But the strangest part is this:

What remains, then, you might wonder, as you deplane at Tehran's Imam Khomeini International Airport, and enter a city where no cab-driver will stop for a cleric – what remains of the legacy bequeathed by the Father of the Revolution, or alternatively by "that fucking asshole", as he is reflexively called, in English, by the youth of the cities of Iran?

From this, I assume that Amis went to Tehran, presumably on the Guardian's expense account. Everything else could have been (and probably was) written in his study. How many cab drivers do you think he watched? How many youths did he speak to?

This is will be discussed on 'Newsnight'.

Saturday, July 11, 2009

You may be choosing your own tunes, but you're still playing piano in a whorehouse

As longtime readers know, the officially endorsed media organisation of Aaronovitch Watch is Resonance FM, home to Decent science show "Little Atoms" (interesting interview with Kathryn Olmsted about conspiracy theories here). We also like the BBC and the Guardian.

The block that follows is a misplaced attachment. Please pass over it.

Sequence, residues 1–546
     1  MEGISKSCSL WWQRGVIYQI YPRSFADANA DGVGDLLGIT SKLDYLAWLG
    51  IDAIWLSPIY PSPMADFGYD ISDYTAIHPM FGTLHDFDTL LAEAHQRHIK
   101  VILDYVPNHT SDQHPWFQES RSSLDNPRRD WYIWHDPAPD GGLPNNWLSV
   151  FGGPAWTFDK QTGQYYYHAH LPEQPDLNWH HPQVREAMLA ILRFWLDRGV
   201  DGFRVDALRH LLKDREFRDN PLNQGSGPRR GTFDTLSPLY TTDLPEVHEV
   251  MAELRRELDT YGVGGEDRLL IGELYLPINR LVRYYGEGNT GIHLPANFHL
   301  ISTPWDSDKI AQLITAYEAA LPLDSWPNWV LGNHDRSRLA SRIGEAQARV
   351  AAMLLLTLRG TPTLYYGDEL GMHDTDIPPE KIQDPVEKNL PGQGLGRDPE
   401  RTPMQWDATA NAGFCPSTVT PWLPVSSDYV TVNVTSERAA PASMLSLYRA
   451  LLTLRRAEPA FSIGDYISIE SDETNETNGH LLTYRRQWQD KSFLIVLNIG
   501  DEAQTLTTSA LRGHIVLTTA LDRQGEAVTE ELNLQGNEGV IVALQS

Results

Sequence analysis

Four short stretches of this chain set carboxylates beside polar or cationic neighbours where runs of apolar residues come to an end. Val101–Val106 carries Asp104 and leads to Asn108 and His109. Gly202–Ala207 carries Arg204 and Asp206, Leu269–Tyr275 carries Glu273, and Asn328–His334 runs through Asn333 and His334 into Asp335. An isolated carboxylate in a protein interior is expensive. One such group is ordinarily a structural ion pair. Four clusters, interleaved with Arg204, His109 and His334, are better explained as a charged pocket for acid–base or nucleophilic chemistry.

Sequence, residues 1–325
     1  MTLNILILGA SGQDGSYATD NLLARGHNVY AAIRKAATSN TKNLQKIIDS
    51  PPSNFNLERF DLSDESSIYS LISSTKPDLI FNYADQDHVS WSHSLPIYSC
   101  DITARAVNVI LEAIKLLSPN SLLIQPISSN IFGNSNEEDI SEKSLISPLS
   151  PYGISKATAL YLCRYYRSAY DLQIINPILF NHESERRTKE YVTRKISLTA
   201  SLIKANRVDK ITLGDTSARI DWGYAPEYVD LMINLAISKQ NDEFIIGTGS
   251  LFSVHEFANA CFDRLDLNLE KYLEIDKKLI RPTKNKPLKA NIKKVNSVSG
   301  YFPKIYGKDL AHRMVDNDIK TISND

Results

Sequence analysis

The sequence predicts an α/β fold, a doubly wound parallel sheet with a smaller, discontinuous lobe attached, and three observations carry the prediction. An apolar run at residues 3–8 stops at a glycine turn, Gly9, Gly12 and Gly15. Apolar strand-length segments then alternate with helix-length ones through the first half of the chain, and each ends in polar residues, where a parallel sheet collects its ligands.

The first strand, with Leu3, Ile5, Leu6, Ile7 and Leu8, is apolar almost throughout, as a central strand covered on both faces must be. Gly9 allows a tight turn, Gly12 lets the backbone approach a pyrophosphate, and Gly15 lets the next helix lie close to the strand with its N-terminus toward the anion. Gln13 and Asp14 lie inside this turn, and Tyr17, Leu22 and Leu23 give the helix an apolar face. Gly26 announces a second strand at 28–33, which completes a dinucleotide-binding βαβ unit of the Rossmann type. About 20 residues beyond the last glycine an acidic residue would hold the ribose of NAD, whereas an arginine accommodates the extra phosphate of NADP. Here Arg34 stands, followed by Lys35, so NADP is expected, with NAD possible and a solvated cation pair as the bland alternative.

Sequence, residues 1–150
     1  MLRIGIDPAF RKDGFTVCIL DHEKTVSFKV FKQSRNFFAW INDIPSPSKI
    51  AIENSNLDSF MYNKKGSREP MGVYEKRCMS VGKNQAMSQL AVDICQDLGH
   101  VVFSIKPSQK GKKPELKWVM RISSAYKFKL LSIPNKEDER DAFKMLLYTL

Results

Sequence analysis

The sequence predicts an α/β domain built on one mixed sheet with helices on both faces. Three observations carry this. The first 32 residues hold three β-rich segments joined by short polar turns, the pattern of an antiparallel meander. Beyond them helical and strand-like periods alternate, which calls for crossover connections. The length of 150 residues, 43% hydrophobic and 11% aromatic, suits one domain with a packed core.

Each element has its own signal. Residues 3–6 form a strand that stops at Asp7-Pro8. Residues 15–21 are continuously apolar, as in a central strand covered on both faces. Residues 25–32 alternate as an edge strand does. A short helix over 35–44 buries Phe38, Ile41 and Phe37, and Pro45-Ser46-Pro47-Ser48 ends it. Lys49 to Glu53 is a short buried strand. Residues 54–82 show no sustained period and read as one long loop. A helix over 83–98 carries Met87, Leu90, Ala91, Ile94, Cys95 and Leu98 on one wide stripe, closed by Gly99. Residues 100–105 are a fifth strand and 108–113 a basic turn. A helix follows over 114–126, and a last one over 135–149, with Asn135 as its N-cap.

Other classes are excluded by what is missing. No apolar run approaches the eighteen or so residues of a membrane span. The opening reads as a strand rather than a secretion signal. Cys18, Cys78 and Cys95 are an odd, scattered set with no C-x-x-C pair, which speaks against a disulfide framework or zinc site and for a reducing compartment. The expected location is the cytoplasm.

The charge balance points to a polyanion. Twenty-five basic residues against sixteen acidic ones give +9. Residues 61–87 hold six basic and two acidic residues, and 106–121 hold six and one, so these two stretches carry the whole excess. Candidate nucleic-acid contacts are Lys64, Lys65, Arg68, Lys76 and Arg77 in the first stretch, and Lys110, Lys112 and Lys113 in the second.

The officially unendorsed media organisation of AW, however, is "Press TV", the Iranian government's world service. A surprising number of Decent and soft-right types (Oliver Kamm, Iain Dale, Andrew Gilligan etc) are currently patting themselves on the back for resigning from this one (Kamm did back in March and so gains a few points for at least having done so out of principle rather than embarrassment), declaring that they will never again etc etc, but the question arises: why the fuck were you on there in the first place? They can hardly argue that they didn't know what the government of Iran was like (or rather, they certainly could claim general ignorance, but not in a way that would help their case).

In Kamm's case, the motivation appears to be his quest to rid the world of its most pressing problem - the insufficient prominence of the opinions of Oliver Kamm. I don't read Iain Dale on principle, or Andrew Gilligan because he appears in the Standard, but I suspect that they also go for the same basic defence: "I have seen no evidence of any censorship of my contributions to those programmes".

To which one has to answer, so what? In many ways, if you're providing honest opinions and genuine news to what is basically a propaganda organisation, then bully for you in that your precious pearls of wisdom aren't being censored, but actually what you're thereby doing is providing a favourable context for all the other crap they're putting out. One really can't allow oneself to be used as window-dressing in this way, and pretend that it's OK because you were never compromised yourself; Saint George of Orwell had a few choice phrases for the kind of lestish intellectual who thought you could.

Sunday, July 05, 2009

Handy Dandy

Oh well. After my last post (immediately below, so no link), Nick is rather good and it's the CiF comments which are outrageous.